General use issues, such as occasionally installing bad software, can of course not be avoided. If you want to do your registry good, remove and don’t install crapware, set up a sandbox to test software before installing properly, and if you do have to uninstall, use a tool like Revo Uninstaller to properly remove program files from your computer, including the registry.

Recommended Registry Cleaner

So what if you are 100% sure that you have an issue that can be addressed by cleaning the registry? Well, at least use a trusted tool and don’t waste any money on it. A PC maintenance tool we highly recommend is CCleaner and it contains a registry cleaner. Although we endorse this tool, we do not recommend to use its registry cleaner on a regular basis. Be sure to use it with care!

do registry cleaners work

Did registry cleaners ever cause you issues or have you seen them improve your computer’s performance? We would love to hear about your experience!

Further Reading on How to Make Windows Faster

Image credits: Binary Vortex via Shutterstock, Snail on Keyboard, Snail on RAM via Shutterstock, Snail on RAM via Shutterstock

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Comments (70)
  • John Dean

    ccleaner is the worst cleaner you can ever recommend! If you have ever analysed the data which it tries to delete from registry then you would not recommend it anymore! It delete entries from installed software like microsoft office and adobe photoshop and other tools and sometimes this trashes your computer !!

  • CappnRob

    Cleaned my registry with CCleaner one day… and now the computer runs slower. Especially videos. :(

  • Sattesh

    I somewhat disagree with this. I run the registry cleaner(Ccleaner) after uninstalling any software. It removes registry entries that the program uninstaller “forgets” to remove. I don’t see much difference nowadays with my newer PC, but back when I was using an ancient computer(~ year 2000), running the registry cleaner once in a while really did speed up my PC. It even fixes some errors sometimes. I remember having a weird error message pop up every time windows boots, and after scratching my head for some time, a quick registry clean fixed my problem. That being said, aggressive registry cleaning( using premium software) can be dangerous I agree. Once I had some weird missing file error keep popping up, after a program uninstall, and I ran a registry cleaner I used to use(forgot the name), and windows had to be reinstalled. That happened once. So for me, the good outweighs the bad.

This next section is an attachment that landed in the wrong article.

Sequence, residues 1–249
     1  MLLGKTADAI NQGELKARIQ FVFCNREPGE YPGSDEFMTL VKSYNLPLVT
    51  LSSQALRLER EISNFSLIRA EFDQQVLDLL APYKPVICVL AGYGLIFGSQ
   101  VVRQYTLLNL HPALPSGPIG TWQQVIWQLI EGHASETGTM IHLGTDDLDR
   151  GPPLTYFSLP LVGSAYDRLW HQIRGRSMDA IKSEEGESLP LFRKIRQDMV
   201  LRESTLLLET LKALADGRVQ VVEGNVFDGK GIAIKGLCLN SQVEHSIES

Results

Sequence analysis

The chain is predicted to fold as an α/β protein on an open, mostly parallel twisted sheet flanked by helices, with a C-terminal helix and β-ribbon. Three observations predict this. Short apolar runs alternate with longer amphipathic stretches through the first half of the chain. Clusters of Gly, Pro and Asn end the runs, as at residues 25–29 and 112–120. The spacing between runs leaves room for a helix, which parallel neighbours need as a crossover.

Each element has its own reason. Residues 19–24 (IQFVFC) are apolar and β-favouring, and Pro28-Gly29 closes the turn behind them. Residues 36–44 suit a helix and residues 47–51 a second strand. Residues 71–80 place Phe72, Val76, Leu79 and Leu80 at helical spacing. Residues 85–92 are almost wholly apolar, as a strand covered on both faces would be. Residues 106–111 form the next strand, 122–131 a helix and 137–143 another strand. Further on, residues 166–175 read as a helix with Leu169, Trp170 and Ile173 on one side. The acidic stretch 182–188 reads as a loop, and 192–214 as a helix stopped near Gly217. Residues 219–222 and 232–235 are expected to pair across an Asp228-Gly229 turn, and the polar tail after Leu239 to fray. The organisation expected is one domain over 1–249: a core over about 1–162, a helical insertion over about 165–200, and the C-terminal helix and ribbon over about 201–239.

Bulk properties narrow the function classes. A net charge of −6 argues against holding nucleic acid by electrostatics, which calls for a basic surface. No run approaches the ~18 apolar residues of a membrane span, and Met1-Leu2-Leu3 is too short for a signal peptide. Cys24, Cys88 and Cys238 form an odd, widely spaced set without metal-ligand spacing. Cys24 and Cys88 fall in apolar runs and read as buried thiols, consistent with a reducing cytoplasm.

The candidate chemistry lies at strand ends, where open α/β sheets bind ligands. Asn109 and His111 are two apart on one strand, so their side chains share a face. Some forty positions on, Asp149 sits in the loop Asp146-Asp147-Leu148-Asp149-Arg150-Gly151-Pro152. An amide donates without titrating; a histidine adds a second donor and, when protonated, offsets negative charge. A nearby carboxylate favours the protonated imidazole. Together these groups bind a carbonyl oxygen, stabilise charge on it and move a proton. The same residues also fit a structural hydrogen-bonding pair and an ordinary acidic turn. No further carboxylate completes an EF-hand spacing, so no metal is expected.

• Zaid Mark

    I also use registry cleaners sometimes CC Cleaner and sometimes Registry Recycler http://www.registryrecycler.com. It is right that most people believe registry cleaners do not enhance the performance of computer. I think what matters here is which software you are actually using. Only reliable registry cleaning software can help you get your PC optimized.

  • Gary

    I’ve used a few registry cleaners, including Ccleaner for the last few years off and on. Each time I have used CCleaner to clean the registry, I have suffered OS problems, errors, glitches etc and eventually had to reinstall.
    I do manual editing where I really need to now, almost entirely a simple search for software titles and publishers that I’ve uninstalled and apart from that I leave it well alone.
    I disagree entirely with the view that ‘cleaning’ the registry is valueless. I have quicker boots, fewer problems and no freezing, hanging or other issues since I started the manual cleaning.

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This review may contain affiliate links, which pays us a small compensation if you do decide to make a purchase based on our recommendation. Our judgement is in no way biased, and our recommendations are always based on the merits of the items.

For more details, please read our disclosure.
Affiliate Disclamer

This review may contain affiliate links, which pays us a small compensation if you do decide to make a purchase based on our recommendation. Our judgement is in no way biased, and our recommendations are always based on the merits of the items.

For more details, please read our disclosure.